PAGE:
When Kenyans vote in the country’s presidential, parliamentary and county elections March 4, they will have the chance to distance themselves from the traumatic elections of December 2007. More than 1,000 people were killed and approximately half a million others fled their homes when violence between rival ethnic groups and political supporters broke out in the weeks following the vote. Much has changed since then, a lot of it for the better. But the main causes of the violence remain unaddressed. The 2013 election is thus fraught with hazard, and a mood of trepidation has characterized the campaign period.
The violence of early 2008 ended when a mediation team from the African Union brought the leaders of the warring parties into a power-sharing government headed by President Mwai Kibaki, with Raila Odinga taking the hastily created post of prime minister. It was an imperfect arrangement, but some progress has been made since then. Most importantly, the new constitution passed in 2010 addresses some of the causes of Kenya’s zero-sum politics by diluting some executive authority in favor of U.S.-style separation of powers. One key feature is the devolution of important functions to 47 newly established counties, each with a governor and an assembly. ...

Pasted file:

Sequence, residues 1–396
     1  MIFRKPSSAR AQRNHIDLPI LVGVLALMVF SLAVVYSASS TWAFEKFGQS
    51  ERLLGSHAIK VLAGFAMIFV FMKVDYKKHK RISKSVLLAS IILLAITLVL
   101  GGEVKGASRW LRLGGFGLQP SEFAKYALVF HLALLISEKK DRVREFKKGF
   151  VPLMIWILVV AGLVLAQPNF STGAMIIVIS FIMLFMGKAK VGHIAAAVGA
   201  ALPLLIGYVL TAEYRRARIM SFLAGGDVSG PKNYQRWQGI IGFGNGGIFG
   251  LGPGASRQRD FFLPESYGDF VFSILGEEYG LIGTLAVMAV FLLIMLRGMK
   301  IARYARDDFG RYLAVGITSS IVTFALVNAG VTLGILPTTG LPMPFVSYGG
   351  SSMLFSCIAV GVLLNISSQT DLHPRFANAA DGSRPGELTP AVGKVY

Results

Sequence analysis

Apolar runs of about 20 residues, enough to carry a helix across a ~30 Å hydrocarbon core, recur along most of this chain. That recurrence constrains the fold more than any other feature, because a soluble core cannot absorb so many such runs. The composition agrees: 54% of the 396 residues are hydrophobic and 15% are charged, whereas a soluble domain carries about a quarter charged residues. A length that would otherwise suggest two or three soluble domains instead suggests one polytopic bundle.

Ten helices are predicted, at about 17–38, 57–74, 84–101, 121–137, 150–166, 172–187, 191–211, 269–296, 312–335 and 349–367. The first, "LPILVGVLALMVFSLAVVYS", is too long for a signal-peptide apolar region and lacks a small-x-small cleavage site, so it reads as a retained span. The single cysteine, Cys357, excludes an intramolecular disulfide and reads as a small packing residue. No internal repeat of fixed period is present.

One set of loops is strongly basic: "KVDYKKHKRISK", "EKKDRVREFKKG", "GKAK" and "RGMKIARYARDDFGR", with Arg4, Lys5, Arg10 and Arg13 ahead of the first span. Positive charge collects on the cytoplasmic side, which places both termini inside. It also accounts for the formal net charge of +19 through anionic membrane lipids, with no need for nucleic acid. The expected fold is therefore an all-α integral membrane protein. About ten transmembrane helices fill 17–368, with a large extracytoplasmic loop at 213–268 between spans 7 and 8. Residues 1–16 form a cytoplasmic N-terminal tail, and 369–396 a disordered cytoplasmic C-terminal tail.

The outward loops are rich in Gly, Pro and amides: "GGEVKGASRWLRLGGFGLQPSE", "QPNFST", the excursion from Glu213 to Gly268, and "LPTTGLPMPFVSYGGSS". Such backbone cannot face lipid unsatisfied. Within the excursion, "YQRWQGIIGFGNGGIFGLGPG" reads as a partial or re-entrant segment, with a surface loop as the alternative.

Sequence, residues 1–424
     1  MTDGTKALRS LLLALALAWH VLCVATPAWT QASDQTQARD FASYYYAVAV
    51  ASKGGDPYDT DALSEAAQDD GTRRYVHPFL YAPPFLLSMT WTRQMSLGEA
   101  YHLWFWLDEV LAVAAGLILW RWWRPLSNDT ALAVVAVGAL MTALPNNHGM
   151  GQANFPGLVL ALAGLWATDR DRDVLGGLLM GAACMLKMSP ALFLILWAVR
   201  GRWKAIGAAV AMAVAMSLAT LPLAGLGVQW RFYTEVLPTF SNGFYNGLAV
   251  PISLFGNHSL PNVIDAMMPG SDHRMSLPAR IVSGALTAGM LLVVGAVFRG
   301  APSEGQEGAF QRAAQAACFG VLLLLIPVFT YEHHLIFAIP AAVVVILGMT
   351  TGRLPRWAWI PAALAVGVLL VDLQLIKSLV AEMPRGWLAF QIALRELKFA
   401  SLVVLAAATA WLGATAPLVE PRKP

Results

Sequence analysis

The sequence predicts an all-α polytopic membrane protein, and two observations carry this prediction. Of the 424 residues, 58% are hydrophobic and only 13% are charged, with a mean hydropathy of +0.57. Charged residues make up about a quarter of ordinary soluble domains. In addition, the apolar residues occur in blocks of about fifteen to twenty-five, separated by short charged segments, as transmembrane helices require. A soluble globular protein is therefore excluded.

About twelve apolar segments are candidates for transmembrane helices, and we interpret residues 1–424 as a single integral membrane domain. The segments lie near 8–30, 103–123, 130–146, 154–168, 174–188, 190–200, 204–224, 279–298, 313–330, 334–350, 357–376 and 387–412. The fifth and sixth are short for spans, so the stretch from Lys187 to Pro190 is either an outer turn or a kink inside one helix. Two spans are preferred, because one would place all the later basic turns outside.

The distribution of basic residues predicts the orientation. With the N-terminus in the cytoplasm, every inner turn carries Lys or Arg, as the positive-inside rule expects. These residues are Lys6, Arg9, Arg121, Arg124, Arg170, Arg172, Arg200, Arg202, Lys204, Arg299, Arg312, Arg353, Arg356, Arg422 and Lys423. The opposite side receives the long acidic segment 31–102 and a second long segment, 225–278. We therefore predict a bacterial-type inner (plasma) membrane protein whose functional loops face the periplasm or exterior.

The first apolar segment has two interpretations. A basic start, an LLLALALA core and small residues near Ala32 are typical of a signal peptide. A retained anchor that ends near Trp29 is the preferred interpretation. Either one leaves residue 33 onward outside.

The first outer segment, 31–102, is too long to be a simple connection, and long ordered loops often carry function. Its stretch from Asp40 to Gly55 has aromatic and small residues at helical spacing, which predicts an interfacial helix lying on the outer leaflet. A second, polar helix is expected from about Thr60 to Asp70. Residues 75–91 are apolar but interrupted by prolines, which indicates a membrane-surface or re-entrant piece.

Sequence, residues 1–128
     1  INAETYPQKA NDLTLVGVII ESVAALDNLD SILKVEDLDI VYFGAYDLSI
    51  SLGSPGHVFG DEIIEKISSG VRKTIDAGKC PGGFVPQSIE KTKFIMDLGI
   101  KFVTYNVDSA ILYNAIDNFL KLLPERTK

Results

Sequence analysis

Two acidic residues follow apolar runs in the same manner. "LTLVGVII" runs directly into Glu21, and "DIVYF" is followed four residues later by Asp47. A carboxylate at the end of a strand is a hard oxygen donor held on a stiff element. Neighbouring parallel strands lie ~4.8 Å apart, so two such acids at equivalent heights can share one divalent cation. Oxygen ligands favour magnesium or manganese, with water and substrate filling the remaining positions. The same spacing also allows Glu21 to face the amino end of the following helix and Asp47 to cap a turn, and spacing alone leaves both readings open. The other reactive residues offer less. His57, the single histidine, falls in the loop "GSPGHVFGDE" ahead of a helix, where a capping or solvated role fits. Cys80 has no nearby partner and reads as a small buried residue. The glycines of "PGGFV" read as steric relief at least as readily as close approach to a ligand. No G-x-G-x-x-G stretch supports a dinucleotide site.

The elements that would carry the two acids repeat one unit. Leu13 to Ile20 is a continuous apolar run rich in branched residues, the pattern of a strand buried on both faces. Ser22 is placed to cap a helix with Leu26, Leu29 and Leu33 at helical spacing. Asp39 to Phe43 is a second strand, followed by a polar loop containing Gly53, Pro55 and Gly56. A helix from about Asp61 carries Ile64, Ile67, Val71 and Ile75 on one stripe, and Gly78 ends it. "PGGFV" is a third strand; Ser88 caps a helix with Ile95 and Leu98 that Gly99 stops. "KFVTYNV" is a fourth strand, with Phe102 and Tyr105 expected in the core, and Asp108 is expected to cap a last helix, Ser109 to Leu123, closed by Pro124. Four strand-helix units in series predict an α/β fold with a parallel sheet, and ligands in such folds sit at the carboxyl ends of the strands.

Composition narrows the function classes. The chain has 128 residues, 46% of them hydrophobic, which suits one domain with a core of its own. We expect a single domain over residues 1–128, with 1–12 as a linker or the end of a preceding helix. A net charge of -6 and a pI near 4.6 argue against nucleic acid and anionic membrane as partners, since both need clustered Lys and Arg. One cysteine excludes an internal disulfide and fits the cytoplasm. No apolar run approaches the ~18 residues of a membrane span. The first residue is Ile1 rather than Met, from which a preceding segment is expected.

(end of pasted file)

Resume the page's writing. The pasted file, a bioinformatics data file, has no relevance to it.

To read the rest, sign up to try World Politics Review
Sign up for two weeks of free access with your credit card. Cancel any time during the free trial and you will be charged nothing.
Request a free trial for your office or school. Everyone at a given site can get access through our institutional subscriptions.
- Playing Many Sides, Sudan’s Bashir Tries Again to End His Isolation
- Strategic Horizons: Making Libya a U.N. Protectorate Would Be Wise but Impossible
- Next Up in Somalia’s Fragile Transition: Bridge Political Divides
- Libya Needs More Than Unity Government to Halt IS Rise
- Diplomatic Fallout: Europe Needs Strategy to Address Libya, Ukraine Crises—Not Panic